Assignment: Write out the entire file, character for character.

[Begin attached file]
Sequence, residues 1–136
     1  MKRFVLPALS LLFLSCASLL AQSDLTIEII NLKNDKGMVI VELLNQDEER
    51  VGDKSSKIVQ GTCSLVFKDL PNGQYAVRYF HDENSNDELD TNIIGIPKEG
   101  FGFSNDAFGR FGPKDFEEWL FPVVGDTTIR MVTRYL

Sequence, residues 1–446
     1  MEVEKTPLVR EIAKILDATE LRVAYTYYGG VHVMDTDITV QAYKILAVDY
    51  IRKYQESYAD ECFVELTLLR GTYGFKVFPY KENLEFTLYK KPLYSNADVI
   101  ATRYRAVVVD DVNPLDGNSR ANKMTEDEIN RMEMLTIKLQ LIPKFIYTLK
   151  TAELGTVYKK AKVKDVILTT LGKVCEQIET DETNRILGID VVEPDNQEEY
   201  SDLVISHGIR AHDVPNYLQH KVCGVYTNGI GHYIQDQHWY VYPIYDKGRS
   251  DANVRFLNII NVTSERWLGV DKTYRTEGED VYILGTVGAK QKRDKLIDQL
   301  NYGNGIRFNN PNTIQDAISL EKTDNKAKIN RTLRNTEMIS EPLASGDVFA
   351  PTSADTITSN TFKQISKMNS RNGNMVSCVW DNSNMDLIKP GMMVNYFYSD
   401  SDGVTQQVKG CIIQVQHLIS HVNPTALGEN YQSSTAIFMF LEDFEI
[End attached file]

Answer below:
Sequence, residues 1–136
     1  MKRFVLPALS LLFLSCASLL AQSDLTIEII NLKNDKGMVI VELLNQDEER
    51  VGDKSSKIVQ GTCSLVFKDL PNGQYAVRYF HDENSNDELD TNIIGIPKEG
   101  FGFSNDAFGR FGPKDFEEWL FPVVGDTTIR MVTRYL

Sequence, residues 1–446
     1  MEVEKTPLVR EIAKILDATE LRVAYTYYGG VHVMDTDITV QAYKILAVDY
    51  IRKYQESYAD ECFVELTLLR GTYGFKVFPY KENLEFTLYK KPLYSNADVI
   101  ATRYRAVVVD DVNPLDGNSR ANKMTEDEIN RMEMLTIKLQ LIPKFIYTLK
   151  TAELGTVYKK AKVKDVILTT LGKVCEQIET DETNRILGID VVEPDNQEEY
   201  SDLVISHGIR AHDVPNYLQH KVCGVYTNGI GHYIQDQHWY VYPIYDKGRS
   251  DANVRFLNII NVTSERWLGV DKTYRTEGED VYILGTVGAK QKRDKLIDQL
   301  NYGNGIRFNN PNTIQDAISL EKTDNKAKIN RTLRNTEMIS EPLASGDVFA
   351  PTSADTITSN TFKQISKMNS RNGNMVSCVW DNSNMDLIKP GMMVNYFYSD
   401  SDGVTQQVKG CIIQVQHLIS HVNPTALGEN YQSSTAIFMF LEDFEI